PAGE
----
Dirty equipment infected 11 patients 'despite NHS trust knowing about problem'
Eleven patients have become infected due to dirty equipment despite the NHS trust knowing of an issue for several years.
A report from the Worcestershire Acute Hospitals Trust noted two separate incidents where patients got infected with bacteria - one involving seven patients and a second involving four patients.
All became infected due to problems with the decontamination of equipment in the endoscopy unit at Alexandra Hospital in Redditch.
The report said the machines used for decontaminating the equipment had been in place for more than eight years and were "overdue for replacement".
It said: "In addition, the environment of the endoscopy unit is outdated and due to the environment there is no clear separation between clean and dirty routes.
"The environmental issues including the age of the equipment have been on the directorate and divisional risk registers for a number of years."
In March, water sampling revealed bacteria growth and "two probable cross-infection" incidents among patients undergoing endobronchial biopsy to their lungs.
In the first incident, samples from seven patients grew the bacteria Pseudomonas. The bug can be harmless but can cause serious problems in patients who are weak because of illness, surgery or treatment.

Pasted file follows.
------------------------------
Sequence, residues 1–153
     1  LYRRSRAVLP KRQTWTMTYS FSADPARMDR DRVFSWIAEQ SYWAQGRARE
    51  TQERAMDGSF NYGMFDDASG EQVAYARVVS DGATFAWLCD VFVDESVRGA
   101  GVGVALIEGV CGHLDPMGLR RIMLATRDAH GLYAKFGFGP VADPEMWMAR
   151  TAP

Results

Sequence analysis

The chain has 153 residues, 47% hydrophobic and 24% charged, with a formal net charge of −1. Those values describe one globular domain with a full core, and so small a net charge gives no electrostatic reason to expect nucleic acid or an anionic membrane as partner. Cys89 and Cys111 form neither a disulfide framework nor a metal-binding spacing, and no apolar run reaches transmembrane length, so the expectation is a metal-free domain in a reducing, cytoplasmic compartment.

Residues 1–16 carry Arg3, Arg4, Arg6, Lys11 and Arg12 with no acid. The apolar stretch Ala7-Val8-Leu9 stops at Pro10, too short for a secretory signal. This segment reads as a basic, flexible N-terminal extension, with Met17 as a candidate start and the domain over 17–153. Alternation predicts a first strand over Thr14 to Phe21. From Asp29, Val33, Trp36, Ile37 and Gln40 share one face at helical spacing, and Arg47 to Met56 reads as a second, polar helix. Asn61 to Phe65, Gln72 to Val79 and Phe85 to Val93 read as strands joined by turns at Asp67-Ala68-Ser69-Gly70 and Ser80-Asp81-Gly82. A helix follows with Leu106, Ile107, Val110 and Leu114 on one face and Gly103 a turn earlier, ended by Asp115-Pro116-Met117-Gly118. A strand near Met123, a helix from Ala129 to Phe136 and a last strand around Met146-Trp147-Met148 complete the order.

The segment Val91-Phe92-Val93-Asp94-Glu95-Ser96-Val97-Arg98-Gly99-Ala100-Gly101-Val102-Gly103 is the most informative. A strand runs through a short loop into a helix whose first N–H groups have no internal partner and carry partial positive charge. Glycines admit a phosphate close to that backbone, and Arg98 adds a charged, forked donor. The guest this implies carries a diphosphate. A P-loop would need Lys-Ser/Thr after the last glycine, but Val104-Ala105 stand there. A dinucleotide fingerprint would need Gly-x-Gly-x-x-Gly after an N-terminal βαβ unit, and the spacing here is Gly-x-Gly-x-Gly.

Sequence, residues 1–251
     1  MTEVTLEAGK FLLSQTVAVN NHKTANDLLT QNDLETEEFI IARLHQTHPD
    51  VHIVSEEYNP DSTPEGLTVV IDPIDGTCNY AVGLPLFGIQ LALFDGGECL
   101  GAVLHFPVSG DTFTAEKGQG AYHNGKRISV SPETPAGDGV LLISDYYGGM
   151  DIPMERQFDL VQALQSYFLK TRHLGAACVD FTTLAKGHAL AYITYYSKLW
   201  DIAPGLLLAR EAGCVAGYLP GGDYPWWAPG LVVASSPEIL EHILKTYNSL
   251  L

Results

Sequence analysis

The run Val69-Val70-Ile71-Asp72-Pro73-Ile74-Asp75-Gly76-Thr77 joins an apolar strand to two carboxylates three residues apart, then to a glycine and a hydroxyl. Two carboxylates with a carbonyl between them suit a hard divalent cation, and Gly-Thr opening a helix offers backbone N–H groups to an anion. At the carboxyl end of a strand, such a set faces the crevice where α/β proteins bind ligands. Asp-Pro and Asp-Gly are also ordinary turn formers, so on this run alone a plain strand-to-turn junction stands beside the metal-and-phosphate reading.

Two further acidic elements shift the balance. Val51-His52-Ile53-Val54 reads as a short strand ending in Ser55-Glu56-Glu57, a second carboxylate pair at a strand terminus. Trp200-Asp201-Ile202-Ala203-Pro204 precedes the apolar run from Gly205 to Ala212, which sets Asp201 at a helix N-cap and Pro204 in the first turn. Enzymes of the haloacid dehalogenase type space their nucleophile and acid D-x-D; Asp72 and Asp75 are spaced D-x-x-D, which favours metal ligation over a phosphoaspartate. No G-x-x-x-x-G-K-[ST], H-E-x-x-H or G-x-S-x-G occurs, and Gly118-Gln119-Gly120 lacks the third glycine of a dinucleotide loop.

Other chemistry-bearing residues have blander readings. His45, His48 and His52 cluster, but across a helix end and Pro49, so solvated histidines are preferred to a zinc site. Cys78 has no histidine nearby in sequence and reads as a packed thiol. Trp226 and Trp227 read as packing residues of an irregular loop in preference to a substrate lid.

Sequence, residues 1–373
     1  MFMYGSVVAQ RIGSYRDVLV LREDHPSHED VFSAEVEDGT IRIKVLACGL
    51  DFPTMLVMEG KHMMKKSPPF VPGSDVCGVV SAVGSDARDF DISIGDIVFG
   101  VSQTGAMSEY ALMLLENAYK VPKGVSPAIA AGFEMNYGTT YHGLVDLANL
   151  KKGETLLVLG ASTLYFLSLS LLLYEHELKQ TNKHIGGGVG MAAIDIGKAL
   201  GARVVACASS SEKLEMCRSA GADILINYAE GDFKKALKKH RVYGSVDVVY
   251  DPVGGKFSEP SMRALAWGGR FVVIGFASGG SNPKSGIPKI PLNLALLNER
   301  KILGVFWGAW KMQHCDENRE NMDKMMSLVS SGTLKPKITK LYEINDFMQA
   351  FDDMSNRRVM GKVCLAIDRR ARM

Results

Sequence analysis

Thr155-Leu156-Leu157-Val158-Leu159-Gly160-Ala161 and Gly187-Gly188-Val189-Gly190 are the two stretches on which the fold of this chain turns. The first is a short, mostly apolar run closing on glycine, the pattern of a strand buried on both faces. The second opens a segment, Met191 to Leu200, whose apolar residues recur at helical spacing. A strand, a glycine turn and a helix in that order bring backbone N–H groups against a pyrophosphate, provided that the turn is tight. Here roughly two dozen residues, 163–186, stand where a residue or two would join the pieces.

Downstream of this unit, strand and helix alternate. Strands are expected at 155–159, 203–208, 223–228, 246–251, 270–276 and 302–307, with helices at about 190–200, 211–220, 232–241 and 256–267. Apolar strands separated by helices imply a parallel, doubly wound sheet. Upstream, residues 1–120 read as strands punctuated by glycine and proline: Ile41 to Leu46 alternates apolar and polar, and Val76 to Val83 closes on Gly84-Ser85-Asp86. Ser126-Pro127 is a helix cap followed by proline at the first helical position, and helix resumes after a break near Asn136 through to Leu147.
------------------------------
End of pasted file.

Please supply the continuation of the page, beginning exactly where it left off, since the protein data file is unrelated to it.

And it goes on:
It is one of the main causes of pneumonia in patients who are on ventilation machines, while patients with wounds may develop dangerous infections of the blood, bone or urinary tract.
The second incident occurred from mid-June to early July, when a different bug, Serratia, was isolated from four patients.
They had been examined with a wet scope instead of a dry scope from the drying cabinet, the report said.
Serratia particularly thrives in moist conditions and can cause pneumonia and other infections.
Despite the problems, the report, dated late last month, said some decontamination - namely of gastrointestinal equipment - continues at the endoscopy unit.
"This is because gastrointestinal scopes access a contaminated body cavity, so the risk to the patient is slightly less," the report said.
However, it said the "hazard of possible transmission of a highly resistant organism remains", and has already occurred in another hospital in the West Midlands.
The report said "we have to consider that we are approaching the point" where the decontamination facilities should no longer be used at all.
The report is from the Trust Infection Prevention and Control Committee and was obtained under the Freedom of Information Act by the Health Service Journal (HSJ).
An endoscopy is a procedure to examine the inside of the body using a thin tube and a camera.